Semiconductor Cluster Surface Chemistry
Interim technical rept.
RICE UNIV HOUSTON TX DEPT OF CHEMISTRY
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The combination of laser-vaporization supersonic cluster beam techniques with the technology of fourier transform ion cyclotron resonance, FT- ICR, has opened a new approach to the detailed fundamental understanding of semiconductor surface chemistry. With this apparatus it is possible to trap clusters of a specific size in a superconducting magnet under ultrahigh vacuum conditions. Through collisions with an inert thermalizing gas it is possible to slowly cool the clusters down to room temperature, allowing them to anneal to the most stable possible form. In the case of silicon this technique has revealed that certain cluster sizes eg. 21,25,33,39,45 are particularly stable and unreactive with reagents such a ammonia and ethylene. These clusters are believed to have taken highly symmetric crystalline forms with the bonding patterns on the surface resembling those found on bulk single crystals. Such special clusters should serve well as microscopic testing grounds for detailed theoretical predictions of semiconductor surface chemistry.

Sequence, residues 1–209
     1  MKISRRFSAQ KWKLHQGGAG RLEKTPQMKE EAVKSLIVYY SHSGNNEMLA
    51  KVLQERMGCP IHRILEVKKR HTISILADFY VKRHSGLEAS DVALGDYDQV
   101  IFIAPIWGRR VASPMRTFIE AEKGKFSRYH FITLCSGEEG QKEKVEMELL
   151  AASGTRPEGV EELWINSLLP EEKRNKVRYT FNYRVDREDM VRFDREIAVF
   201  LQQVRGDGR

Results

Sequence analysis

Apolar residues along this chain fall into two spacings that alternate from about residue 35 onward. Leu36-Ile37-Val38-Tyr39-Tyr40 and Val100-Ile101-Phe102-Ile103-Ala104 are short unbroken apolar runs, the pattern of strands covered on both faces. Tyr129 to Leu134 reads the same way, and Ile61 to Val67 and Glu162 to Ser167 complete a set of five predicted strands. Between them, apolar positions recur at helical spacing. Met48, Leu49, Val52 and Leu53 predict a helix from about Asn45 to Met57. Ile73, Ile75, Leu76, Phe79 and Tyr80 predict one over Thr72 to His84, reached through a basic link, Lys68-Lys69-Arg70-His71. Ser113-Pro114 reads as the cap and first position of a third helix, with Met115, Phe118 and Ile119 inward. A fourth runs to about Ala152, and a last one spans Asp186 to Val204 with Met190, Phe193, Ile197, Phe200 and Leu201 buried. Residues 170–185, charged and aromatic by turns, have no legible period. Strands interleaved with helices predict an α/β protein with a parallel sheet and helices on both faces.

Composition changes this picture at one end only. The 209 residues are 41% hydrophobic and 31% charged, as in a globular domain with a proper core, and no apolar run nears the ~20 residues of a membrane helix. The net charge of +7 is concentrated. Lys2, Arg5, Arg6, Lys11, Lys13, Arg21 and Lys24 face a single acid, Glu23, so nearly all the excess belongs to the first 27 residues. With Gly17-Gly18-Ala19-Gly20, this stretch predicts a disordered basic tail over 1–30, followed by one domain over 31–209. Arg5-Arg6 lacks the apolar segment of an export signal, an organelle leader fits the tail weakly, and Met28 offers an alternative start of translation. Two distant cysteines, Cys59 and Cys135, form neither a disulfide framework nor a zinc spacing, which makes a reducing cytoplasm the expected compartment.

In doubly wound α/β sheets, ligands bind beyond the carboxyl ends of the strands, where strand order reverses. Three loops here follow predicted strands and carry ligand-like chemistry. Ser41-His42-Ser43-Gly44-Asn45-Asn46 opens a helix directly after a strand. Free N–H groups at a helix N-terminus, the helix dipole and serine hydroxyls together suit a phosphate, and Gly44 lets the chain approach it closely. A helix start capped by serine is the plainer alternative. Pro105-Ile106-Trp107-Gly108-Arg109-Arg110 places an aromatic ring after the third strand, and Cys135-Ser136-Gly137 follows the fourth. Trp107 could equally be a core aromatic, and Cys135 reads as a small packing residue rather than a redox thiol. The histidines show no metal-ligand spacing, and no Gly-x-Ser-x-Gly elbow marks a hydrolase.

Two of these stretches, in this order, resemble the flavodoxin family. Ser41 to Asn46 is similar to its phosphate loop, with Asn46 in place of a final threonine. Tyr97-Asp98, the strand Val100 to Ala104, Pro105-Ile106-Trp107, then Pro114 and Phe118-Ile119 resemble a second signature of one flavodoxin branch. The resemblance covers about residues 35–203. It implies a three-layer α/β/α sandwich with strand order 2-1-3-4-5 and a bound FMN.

- Physical Chemistry